By collaborating with individuals, organizations and communities throughout Hawaiʻi, EA Ecoversity wants to contribute to current efforts to increase food security in a sustainable manner, one that respects land and water resources and revives traditional sharing, or gifting practices. In addition, by working not just with existing partners, but enhancing relationships and partnerships throughout the archipelago, EA Ecoversity aims to strengthen the future of subsistence living and sustainable farming and has already partnered with dozens organizations that are at the forefront of culturally-responsible food production.  These organizations are excited to share the current work in their respective programs and businesses with EA Ecoversity learners. This includes MAʻO, a local farm operation on the Waiʻanae Coast on the island of Oʻahu, which provides internships and employment to young adults so they can learn how to grow fruits and vegetables, including traditional Hawaiian staples, while concurrently attending college. Specifically, MAʻO involves rural youth in edu-preneurial projects to empower and support  youth leadership for a just, healthy, sustainable and resilient community. Moreover, working together with partners from throughout the archipelago and beyond, EA Ecoversity aims to directly contribute to remedying the unnecessary import of fruits and vegetables to Hawaiʻi and instead assist in the growing of more domestically produced, healthy, and sustainably sourced foods.

Just like our aim to re-establish a politically sovereign Hawaiʻi will not be easily achieved, ending Hawaiʻiʻs dependence on outside food is not an easy goal, either. In fact, it may take decades until Hawaiʻi once again reaches food sovereignty. Yet, progress is definitely underway with more and more Hawaiian children, youth and adults every year learning stories, songs, chants and proverbs about our traditional relationship and responsibility to the land and the spiritual world, and exhibiting an increased knowledge of traditional practices of farming and gathering.  More and more Hawaiian of all ages are becoming involved in preparing and consuming healthy, locally-sourced foods.
By requiring all learners to become involved in food production, by growing and preparing at least part of the foods they consume on a daily basis, EA Ecoversity hopes to help them re-establish personal connections between the land, the foods we eat and our survival as native peoples.  In addition, EA Ecoversity hopes to contribute to the re-establishment of a gift-economy in Hawaiʻi, where we once again generously share salt with one another.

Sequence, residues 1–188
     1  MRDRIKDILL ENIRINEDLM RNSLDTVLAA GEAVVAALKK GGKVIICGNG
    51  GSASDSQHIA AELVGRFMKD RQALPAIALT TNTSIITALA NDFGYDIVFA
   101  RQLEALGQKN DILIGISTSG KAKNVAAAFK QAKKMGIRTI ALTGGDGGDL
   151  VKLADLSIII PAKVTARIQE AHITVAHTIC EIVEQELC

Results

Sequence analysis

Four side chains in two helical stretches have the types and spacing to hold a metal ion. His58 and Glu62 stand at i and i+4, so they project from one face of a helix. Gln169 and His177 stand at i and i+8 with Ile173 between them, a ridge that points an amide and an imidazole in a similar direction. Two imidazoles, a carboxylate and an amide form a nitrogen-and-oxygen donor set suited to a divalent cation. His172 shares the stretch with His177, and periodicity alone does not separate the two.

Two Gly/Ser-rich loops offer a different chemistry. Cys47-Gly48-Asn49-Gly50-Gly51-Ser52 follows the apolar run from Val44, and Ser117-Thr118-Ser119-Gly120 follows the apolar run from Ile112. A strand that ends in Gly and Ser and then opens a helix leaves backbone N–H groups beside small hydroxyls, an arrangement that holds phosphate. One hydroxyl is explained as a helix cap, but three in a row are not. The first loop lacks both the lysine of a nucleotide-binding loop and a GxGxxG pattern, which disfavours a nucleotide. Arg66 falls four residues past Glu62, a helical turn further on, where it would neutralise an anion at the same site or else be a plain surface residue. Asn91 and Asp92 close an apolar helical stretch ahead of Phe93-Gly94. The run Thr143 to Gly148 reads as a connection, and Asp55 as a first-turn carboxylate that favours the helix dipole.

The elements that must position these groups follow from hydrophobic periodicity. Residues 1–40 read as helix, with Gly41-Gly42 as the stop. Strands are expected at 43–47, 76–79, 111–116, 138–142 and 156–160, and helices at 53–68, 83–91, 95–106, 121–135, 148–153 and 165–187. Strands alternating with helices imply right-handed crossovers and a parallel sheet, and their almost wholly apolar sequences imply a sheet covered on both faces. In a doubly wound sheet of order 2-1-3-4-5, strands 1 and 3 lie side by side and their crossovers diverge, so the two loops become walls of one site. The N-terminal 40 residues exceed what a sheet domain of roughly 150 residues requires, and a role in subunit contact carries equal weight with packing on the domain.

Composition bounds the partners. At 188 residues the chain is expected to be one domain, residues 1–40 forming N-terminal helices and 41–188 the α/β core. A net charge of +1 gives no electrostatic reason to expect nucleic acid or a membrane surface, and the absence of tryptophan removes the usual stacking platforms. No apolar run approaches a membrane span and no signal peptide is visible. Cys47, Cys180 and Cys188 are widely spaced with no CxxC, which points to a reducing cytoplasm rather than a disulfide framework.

Bio: 

Kū Kahakalau, Ph.D.

Dr. Kū Hinahinakūikahakai Kahakalau is a native Hawaiian educator, researcher, cultural practitioner, grassroots activist, song writer, and expert in Hawaiian language, history and culture. Since the mid 90s Aunty Kū, as she prefers to be called, has led the Hawaiian-focused education movement, creating the first Hawaiian culture-based school within a school, and the first culturally-driven charter school and teacher licensing program. Her latest efforts center around developing EA Ecoversity, a Hawaiian-focused post-secondary program designed to transition Hawaiian youth to happy, culturally-grounded, thriving, responsible global citizens, able to walk comfortably in multiple worlds. EA, which stands for Education with Aloha, also means sovereignty in Hawaiian.
Residents of Hawaiʻi Island, Aunty Kū and her husband Nālei have been active in Hawaiian grassroots struggles for over 35 years, stopping the bombing of the sacred island of Kahoʻolawe, fighting geothermal development and as of late preventing the desecration of Mauna Kea. In 2017, Aunty Kū was the first anti-TMT expert witness on the Mauna Kea Contested Case Hearing and has been teaching classes at Puʻuhonua o Puʻuhuluhulu University sharing her highly successful Pedagogy of Aloha (love/compassion), which promotes the revitalization of Hawaiian values along with Hawaiian language and culture, hands-on learning in the environment, community sustainability, food sovereignty and Hawaiian self-determination in education and beyond.
Since 2015, Aunty Kū has been part of the Ecoversities Alliance, for which she volunteers sitting as active member of its Shepherding Committee, and sharing her knowledge within this global network, reuniting more than 100 initiatives from all over the world engaged in reimagining education.

Leilani DeMello

Leilani DeMello is a Hawaiian woman, mother, and lifelong learner. She works at Kū-A-Kanaka LLC as the Director of Operations, dedicating herself to projects that benefit the Hawaiian people through the advancement of Hawaiian language, culture, and traditions. Leilani lives with her family in verdant ʻŌlaʻa, in the Puna district of Hawaiʻi island. In her free time Leilani enjoys being outdoors working on the land, spending time with her family and friends, and going on adventures